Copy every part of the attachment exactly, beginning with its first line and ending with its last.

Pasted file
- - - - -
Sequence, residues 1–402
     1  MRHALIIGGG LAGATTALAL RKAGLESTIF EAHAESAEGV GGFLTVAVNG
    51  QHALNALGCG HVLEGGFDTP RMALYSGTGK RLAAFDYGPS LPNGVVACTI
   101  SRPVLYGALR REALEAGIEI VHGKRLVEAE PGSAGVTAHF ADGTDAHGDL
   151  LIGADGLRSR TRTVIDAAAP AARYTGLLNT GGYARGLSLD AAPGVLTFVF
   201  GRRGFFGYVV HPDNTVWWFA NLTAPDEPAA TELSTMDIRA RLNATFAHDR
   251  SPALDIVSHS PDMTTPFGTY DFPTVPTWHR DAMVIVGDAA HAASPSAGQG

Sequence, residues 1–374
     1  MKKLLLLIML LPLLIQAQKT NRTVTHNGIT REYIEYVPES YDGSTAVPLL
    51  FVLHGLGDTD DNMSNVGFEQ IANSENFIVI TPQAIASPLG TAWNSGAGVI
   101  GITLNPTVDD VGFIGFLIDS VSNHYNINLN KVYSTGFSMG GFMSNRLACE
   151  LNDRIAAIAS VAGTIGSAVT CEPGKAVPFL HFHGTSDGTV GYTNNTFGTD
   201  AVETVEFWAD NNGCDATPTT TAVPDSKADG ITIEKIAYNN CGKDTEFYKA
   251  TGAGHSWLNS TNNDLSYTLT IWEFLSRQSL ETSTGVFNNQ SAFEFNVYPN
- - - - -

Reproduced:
Sequence, residues 1–402
     1  MRHALIIGGG LAGATTALAL RKAGLESTIF EAHAESAEGV GGFLTVAVNG
    51  QHALNALGCG HVLEGGFDTP RMALYSGTGK RLAAFDYGPS LPNGVVACTI
   101  SRPVLYGALR REALEAGIEI VHGKRLVEAE PGSAGVTAHF ADGTDAHGDL
   151  LIGADGLRSR TRTVIDAAAP AARYTGLLNT GGYARGLSLD AAPGVLTFVF
   201  GRRGFFGYVV HPDNTVWWFA NLTAPDEPAA TELSTMDIRA RLNATFAHDR
   251  SPALDIVSHS PDMTTPFGTY DFPTVPTWHR DAMVIVGDAA HAASPSAGQG

Sequence, residues 1–374
     1  MKKLLLLIML LPLLIQAQKT NRTVTHNGIT REYIEYVPES YDGSTAVPLL
    51  FVLHGLGDTD DNMSNVGFEQ IANSENFIVI TPQAIASPLG TAWNSGAGVI
   101  GITLNPTVDD VGFIGFLIDS VSNHYNINLN KVYSTGFSMG GFMSNRLACE
   151  LNDRIAAIAS VAGTIGSAVT CEPGKAVPFL HFHGTSDGTV GYTNNTFGTD
   201  AVETVEFWAD NNGCDATPTT TAVPDSKADG ITIEKIAYNN CGKDTEFYKA
   251  TGAGHSWLNS TNNDLSYTLT IWEFLSRQSL ETSTGVFNNQ SAFEFNVYPN